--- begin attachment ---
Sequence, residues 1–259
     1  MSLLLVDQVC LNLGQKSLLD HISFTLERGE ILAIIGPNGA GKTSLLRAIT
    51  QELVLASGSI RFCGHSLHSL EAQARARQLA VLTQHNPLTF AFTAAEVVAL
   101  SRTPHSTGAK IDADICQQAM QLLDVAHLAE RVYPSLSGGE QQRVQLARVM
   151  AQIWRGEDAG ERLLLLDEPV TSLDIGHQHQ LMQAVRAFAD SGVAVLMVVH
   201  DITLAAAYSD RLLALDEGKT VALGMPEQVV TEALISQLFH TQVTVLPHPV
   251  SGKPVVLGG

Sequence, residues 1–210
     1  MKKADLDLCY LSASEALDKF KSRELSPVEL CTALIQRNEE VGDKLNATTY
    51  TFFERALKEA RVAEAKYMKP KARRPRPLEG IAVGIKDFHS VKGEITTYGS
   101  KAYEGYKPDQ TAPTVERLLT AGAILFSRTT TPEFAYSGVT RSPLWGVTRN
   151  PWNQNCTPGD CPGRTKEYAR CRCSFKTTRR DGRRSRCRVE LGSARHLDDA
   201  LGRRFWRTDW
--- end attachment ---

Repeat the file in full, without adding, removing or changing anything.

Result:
Sequence, residues 1–259
     1  MSLLLVDQVC LNLGQKSLLD HISFTLERGE ILAIIGPNGA GKTSLLRAIT
    51  QELVLASGSI RFCGHSLHSL EAQARARQLA VLTQHNPLTF AFTAAEVVAL
   101  SRTPHSTGAK IDADICQQAM QLLDVAHLAE RVYPSLSGGE QQRVQLARVM
   151  AQIWRGEDAG ERLLLLDEPV TSLDIGHQHQ LMQAVRAFAD SGVAVLMVVH
   201  DITLAAAYSD RLLALDEGKT VALGMPEQVV TEALISQLFH TQVTVLPHPV
   251  SGKPVVLGG

Sequence, residues 1–210
     1  MKKADLDLCY LSASEALDKF KSRELSPVEL CTALIQRNEE VGDKLNATTY
    51  TFFERALKEA RVAEAKYMKP KARRPRPLEG IAVGIKDFHS VKGEITTYGS
   101  KAYEGYKPDQ TAPTVERLLT AGAILFSRTT TPEFAYSGVT RSPLWGVTRN
   151  PWNQNCTPGD CPGRTKEYAR CRCSFKTTRR DGRRSRCRVE LGSARHLDDA
   201  LGRRFWRTDW